|North view from the Pembina Museum tower|
Which is exactly why it is so startling when one comes upon a "dead field" that is a crispy pale brown:
|Dead field - note the sprayer tracks.|
|Dead field with water damage|
But even when the rains stop, waiting for a field to dry out and become till-able again is a risky guessing game. Too soon and your expensive machinery can get horribly stuck, all the while making mud balls and damaging the land even further with deep ruts. Wait too long and you'll miss the deadline. Cut off dates for planting are determined by (government-subsidized) insurance companies, and once the date has passed for planting corn (say. May 25), that's it - no corn for you.
|Planted field quickly being overtaken by weeds|
These days, a farmer faces a decision: Till it under or spray the whole field with Round Up?
|One local farmer famously insists on tilling - no RoundUp|
- Cost of diesel fuel went up and stayed there
- Cost of equipment is always increasing
- Cost of Round-Up has dropped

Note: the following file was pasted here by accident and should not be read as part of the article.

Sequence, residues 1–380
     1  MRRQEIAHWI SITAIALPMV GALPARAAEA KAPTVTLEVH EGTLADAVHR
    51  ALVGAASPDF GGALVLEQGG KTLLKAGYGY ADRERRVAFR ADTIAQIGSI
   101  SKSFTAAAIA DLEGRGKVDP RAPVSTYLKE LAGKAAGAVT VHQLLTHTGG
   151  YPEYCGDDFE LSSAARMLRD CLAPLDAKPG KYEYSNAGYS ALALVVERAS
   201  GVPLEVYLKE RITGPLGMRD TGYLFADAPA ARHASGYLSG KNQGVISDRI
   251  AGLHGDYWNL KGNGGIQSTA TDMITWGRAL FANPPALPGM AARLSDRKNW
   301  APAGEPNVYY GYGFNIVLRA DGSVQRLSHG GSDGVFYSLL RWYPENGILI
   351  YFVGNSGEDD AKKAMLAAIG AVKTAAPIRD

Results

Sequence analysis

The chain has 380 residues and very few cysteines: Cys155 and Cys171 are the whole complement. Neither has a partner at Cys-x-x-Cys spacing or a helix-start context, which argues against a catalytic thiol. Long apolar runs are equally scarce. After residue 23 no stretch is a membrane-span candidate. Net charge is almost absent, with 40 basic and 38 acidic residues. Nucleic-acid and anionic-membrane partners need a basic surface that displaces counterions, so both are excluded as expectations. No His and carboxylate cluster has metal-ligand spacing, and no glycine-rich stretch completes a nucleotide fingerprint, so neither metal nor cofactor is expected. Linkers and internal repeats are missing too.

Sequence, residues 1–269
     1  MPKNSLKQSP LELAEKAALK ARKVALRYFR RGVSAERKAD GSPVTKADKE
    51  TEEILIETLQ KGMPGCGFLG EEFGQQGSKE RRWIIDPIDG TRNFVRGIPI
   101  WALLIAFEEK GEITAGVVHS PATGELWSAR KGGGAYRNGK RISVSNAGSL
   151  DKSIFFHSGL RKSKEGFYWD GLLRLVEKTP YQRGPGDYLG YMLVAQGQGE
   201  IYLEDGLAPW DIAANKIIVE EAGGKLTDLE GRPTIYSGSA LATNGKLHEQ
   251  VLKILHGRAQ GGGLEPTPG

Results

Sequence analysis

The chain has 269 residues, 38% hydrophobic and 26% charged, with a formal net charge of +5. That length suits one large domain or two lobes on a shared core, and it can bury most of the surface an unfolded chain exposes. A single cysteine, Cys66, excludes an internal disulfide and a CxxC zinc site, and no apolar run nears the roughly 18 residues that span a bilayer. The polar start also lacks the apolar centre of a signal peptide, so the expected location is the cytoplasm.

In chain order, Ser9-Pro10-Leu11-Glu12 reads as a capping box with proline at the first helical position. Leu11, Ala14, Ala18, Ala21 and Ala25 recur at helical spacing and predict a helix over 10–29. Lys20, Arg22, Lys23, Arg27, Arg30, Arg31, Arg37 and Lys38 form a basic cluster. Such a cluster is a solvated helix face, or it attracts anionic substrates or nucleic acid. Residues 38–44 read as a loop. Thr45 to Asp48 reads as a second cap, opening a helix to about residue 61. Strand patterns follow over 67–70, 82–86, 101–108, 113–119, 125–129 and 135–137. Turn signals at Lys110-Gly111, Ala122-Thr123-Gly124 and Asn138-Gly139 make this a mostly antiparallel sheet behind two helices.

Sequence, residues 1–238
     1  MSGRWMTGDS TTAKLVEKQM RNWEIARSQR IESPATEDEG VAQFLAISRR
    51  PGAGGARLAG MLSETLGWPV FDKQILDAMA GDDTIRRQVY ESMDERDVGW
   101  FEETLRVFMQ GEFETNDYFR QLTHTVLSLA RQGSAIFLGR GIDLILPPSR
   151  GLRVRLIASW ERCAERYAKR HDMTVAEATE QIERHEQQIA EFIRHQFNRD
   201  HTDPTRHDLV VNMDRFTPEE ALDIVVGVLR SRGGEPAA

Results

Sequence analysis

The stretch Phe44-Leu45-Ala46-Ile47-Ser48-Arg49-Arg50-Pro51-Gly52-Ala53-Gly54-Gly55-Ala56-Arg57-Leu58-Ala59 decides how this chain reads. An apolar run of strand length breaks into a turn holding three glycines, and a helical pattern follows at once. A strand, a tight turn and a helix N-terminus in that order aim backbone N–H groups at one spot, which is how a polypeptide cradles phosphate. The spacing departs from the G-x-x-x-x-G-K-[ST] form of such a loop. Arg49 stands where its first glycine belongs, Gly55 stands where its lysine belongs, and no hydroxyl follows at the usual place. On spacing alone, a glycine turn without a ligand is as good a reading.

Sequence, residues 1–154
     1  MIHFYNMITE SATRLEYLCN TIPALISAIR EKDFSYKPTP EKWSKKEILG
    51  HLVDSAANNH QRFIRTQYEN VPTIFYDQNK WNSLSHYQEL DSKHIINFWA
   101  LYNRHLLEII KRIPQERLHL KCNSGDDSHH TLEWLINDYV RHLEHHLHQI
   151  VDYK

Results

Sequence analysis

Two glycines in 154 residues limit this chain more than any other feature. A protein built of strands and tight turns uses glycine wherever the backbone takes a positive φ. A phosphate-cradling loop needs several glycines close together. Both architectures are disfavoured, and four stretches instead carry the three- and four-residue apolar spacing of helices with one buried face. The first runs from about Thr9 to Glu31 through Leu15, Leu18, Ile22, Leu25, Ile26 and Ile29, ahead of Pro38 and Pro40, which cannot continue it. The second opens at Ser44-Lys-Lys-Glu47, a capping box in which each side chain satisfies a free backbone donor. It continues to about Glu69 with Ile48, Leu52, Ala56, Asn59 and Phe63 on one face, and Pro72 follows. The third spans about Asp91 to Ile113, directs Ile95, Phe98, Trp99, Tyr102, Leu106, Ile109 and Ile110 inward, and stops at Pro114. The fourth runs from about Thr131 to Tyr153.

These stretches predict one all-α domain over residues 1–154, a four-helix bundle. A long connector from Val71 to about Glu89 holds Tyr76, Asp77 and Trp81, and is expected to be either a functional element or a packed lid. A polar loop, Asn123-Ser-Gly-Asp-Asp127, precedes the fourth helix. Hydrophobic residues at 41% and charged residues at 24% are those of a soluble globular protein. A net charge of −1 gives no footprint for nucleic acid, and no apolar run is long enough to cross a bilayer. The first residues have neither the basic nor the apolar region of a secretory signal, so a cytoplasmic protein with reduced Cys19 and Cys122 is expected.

Accord, Aquaneat, Aquamaster, Bronco, Buccaneer, Campain, Clearout 41 Plus, Clear-up, Expedite, Fallow Master, Genesis Extra I, Glyfos Induce, Glypro, GlyStar Induce, GlyphoMax Induce, Honcho, JuryR, Landmaster, MirageR, Pondmaster, Protocol, Prosecutor, Ranger, Rascal, Rattler, Razor Pro, Rodeo, I, Silhouette, Touchdown IQ.Also, I learned that RoundUp has to "hit the leaf" of a growing weed, otherwise it won't work. The chemical actually causes cells of the plant to duplicate themselves until it essentially shuts down. (Same basic theory as making foie gras, from what I understand.)
There are ongoing debates about no-till farming, with proponents insisting that tillage causes carbons to escape, thus adding to the climate change problem. Honestly, I have no idea but this recent trend of adding even more chemicals to the soil makes me uneasy.
|RoundUp field, as seen from the local high school track|
Whether till, no-till or spray, weeds are a constant headache to the farmer - this much I know personally. In farming, there is very little control over production costs, a constant race against time, and then there's the wild card of Mother Nature - definitely a risky way to make a living. With the new generation, it seems this spray trend is here to stay, but some old timers resist the easy way out.
As one young farmer told me, "My dad still can't get used to the idea of spraying and no tilling. It's just not the way it was done in his day. He's not a fan."
That makes two of us.